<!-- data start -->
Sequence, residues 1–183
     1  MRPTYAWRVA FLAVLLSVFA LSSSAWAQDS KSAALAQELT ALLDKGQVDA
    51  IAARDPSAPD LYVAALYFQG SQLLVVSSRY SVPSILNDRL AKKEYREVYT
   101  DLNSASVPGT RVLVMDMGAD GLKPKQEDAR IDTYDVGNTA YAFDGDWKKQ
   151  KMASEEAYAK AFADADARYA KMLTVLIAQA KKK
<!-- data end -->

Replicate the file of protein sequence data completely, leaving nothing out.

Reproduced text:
Sequence, residues 1–183
     1  MRPTYAWRVA FLAVLLSVFA LSSSAWAQDS KSAALAQELT ALLDKGQVDA
    51  IAARDPSAPD LYVAALYFQG SQLLVVSSRY SVPSILNDRL AKKEYREVYT
   101  DLNSASVPGT RVLVMDMGAD GLKPKQEDAR IDTYDVGNTA YAFDGDWKKQ
   151  KMASEEAYAK AFADADARYA KMLTVLIAQA KKK